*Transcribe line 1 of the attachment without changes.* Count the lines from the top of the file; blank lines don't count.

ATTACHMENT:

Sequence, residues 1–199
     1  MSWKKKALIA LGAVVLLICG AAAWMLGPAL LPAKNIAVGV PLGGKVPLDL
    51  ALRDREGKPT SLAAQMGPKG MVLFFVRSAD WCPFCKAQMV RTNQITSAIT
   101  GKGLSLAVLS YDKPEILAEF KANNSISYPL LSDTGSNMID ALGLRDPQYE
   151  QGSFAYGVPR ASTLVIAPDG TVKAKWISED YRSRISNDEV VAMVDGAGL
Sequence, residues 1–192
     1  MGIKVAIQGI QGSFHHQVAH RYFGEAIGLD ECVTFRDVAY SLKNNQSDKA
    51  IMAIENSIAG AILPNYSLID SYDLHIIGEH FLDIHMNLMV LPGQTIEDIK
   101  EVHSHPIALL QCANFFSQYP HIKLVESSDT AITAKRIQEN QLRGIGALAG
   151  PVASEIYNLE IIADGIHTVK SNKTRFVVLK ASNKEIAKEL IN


Sequence, residues 1–199